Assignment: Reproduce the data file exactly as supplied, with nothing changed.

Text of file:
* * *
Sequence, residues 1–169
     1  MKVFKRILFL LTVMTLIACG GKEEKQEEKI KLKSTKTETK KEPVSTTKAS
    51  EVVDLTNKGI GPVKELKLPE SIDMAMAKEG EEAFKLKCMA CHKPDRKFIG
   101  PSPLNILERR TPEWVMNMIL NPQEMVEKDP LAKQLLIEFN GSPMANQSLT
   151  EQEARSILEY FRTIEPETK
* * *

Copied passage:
Sequence, residues 1–169
     1  MKVFKRILFL LTVMTLIACG GKEEKQEEKI KLKSTKTETK KEPVSTTKAS
    51  EVVDLTNKGI GPVKELKLPE SIDMAMAKEG EEAFKLKCMA CHKPDRKFIG
   101  PSPLNILERR TPEWVMNMIL NPQEMVEKDP LAKQLLIEFN GSPMANQSLT
   151  EQEARSILEY FRTIEPETK